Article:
Safety by Specialty

Alongside starter Morgan Burnett, the second safety spot is more a matter of skill-set. With M.D. Jennings and Jerron McMillian, the Packers feel like they know what they have regardless of which player assumes the No. 1 spot on the depth chart.

One of the top training camp battles on defense for the Green Bay Packers might not be that much of a battle at all.

At the safety spot alongside Morgan Burnett in the No. 1 defense, the status quo appears to be the winner after three weeks of practice and one preseason game. M.D. Jennings (third year) and Jerron McMillian (second year) are taking about equal snaps – just like they did last season.

"They both are different in their skill-set," said head coach Mike McCarthy. "I think, No. 1, you want competition at every position, but I think it really stands out on defense when I look at all the positions on defense. Not only do you have the competition, but you have different players with different body types and different styles and different skill-sets and, as a coordinator, it gives you the ability to be more creative and try to create more responsibility as far as matchups and to try to tailor things to what they do best. I feel very good about the camp that they're having. … The safeties are a lot like the whole defense. We've got very good depth over there."

Last summer's release of veteran Charlie Peprah, who the Packers won a Super Bowl with in 2010, and Charles Woodson's broken collarbone in Week 7 last season opened the door at safety earlier than expected for Jennings and McMillian. Each young player got invaluable game experience. Though Jennings was the starter in the Packers' base defense, McMillian was equally important in defensive coordinator Dom Capers' sub packages. By season's end, the total defensive snaps for each player were about the same. (Including the postseason, Jennings had 616 defensive snaps to McMillian's 614, according to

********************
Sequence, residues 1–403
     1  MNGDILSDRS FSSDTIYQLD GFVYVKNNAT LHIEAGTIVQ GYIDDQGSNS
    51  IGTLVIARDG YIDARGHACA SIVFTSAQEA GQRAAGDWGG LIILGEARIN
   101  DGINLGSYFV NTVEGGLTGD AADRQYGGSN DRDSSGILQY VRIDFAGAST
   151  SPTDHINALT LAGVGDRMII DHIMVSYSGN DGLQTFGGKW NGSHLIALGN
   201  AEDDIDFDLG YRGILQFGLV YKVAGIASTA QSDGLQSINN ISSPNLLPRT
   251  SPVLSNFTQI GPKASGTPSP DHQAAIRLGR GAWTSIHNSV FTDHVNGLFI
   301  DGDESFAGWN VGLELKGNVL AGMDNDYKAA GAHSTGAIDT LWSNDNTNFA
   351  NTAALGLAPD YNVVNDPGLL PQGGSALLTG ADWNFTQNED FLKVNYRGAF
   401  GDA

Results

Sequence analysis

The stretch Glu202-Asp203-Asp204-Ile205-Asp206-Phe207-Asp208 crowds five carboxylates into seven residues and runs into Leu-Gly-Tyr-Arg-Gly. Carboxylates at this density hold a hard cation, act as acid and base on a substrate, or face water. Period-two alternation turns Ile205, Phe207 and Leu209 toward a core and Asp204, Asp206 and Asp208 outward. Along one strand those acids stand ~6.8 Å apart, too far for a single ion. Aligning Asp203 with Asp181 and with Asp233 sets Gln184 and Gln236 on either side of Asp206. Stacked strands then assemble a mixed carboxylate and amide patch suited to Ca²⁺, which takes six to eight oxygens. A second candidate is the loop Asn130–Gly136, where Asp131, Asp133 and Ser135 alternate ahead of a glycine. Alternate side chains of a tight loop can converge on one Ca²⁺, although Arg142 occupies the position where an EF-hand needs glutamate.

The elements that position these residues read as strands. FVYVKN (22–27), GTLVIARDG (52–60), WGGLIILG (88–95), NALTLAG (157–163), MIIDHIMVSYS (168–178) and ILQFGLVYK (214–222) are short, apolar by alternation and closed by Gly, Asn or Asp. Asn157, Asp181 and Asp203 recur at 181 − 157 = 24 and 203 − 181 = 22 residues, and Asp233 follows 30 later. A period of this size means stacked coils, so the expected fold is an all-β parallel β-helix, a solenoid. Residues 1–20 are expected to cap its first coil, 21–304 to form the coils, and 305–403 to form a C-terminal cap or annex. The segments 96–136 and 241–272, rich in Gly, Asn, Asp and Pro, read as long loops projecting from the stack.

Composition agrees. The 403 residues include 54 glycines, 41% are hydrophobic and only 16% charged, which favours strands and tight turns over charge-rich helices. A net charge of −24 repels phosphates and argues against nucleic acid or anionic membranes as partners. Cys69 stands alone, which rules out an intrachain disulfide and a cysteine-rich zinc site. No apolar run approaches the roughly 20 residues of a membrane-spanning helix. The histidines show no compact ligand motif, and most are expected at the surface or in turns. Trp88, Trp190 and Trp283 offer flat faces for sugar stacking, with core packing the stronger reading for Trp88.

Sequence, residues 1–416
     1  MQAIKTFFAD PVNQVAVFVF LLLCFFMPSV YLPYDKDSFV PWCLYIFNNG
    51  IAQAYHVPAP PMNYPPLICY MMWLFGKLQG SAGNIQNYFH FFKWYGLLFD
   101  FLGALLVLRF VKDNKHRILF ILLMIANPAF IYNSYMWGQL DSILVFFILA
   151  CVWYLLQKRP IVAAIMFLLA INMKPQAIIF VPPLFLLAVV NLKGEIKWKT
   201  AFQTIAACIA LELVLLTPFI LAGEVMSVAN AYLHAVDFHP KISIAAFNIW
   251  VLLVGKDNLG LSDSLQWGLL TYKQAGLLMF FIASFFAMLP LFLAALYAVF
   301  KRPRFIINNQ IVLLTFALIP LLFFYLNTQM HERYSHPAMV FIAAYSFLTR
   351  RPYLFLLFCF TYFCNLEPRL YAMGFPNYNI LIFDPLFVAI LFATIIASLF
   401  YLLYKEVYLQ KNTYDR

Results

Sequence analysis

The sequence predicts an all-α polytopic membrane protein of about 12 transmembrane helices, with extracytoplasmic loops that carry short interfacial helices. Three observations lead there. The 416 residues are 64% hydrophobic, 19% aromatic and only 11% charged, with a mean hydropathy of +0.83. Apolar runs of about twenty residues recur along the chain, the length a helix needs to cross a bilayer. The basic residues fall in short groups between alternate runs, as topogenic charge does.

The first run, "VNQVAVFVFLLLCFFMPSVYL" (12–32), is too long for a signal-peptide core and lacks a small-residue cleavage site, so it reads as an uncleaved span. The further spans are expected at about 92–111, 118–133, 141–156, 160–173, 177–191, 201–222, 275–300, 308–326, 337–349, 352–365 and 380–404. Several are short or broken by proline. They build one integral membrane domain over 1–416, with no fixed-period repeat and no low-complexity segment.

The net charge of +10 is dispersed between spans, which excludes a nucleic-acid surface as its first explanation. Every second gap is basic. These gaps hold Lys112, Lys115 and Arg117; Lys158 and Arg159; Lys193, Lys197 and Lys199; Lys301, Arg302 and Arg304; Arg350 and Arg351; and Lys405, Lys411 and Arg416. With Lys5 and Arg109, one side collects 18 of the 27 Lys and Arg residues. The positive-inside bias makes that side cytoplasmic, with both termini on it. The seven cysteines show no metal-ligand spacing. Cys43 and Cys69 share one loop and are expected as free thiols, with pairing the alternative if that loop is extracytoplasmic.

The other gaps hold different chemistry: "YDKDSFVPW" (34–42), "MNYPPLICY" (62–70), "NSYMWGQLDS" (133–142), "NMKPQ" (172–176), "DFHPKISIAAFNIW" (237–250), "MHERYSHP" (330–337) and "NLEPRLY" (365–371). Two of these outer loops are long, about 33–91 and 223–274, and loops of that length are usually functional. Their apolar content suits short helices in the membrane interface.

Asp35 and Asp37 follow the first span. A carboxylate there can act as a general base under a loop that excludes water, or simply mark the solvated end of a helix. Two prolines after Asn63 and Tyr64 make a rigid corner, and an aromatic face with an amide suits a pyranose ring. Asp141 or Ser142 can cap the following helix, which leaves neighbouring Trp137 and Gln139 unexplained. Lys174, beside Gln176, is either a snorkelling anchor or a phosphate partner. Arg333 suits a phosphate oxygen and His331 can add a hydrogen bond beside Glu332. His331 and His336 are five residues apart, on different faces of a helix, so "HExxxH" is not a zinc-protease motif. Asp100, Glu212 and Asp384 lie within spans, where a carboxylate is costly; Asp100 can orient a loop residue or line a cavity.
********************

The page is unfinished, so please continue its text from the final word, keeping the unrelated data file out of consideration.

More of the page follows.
While McMillian started stronger in 2012, Jennings finished stronger. Both played in all 18 games, with Jennings being credited 10 starts after Woodson's injury. Jennings returned an interception 72 yards for a touchdown at Detroit on Nov. 18 off a pass that had been bobbled into the air by tight end Tony Scheffler. He also wrestled Golden Tate for the infamous Hail Mary touchdown at Seattle on Sept. 24 and is perhaps most widely known for the play.

The challenge for the Packers' coaches with their second safety spot boils down to not necessarily who plays better, but where and in what situations. That likely will determine playing time.

"Both of those guys will play a lot of football for us regardless of who's the starting safety alongside Morgan in our ‘Okie' (base) package and nickel," said safeties coach Darren Perry. "But I think both of those guys have proven they can play at this level. Still, they have to continue to grow. I think they have a really good understanding of what we're asking them to do and how the position works and, as a result, their movement is so much more clean or so much more direct in what they're doing and you want to see it show up in the games. I think we got off to a good start Friday night (against the Arizona Cardinals) and those guys have to continue to grow starting this Saturday in St. Louis."

During Thursday's practice, which was basically a glorified walk-through in preparation for Saturday night's game against the Rams, McMillian took most of his snaps during team portions in the dime position, a linebacker/safety hybrid role closer to the line of scrimmage. Jennings was in his familiar role as a deep safety covering half of the field.

"Both of those guys fit well in terms of what we do here," said Perry. "Both of them can cover. M.D. is built a little differently than J (Jerron). J's probably a little bit more explosive in the hitting aspect and that's because of his body makeup — he's a little shorter and can get underneath people so he has natural leverage. M.D.'s a little taller, a little leggy, and so he doesn't play as low as Jerron so sometimes his hits aren't as impactful but he has range. Both of them can run. Very smart kids. They really do what you ask them to do. They give great effort."

With undrafted rookie Chris Banjo grabbing some attention at safety in last Friday night's 17-0 preseason loss to the Cardinals, there was little separation at safety between McMillian (31 snaps) and Jennings (29 snaps).

"M.D. didn't get many opportunities," said Perry. "J had a couple pass breakups and he was probably involved a little bit more than M.D. but both of those guys have the ability to make plays. The big thing with both of those guys is to be consistent — when things happen in the game in the open field, being consistent tacklers. When they have the opportunity to make plays on the ball, they have to do that. The mental part of it and the youth are no excuses because they've got that part down, and now it's the battle to go out there and find it and having it show up on game day."

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Matt Tevsh has covered the Packers since 1996. E-mail him at

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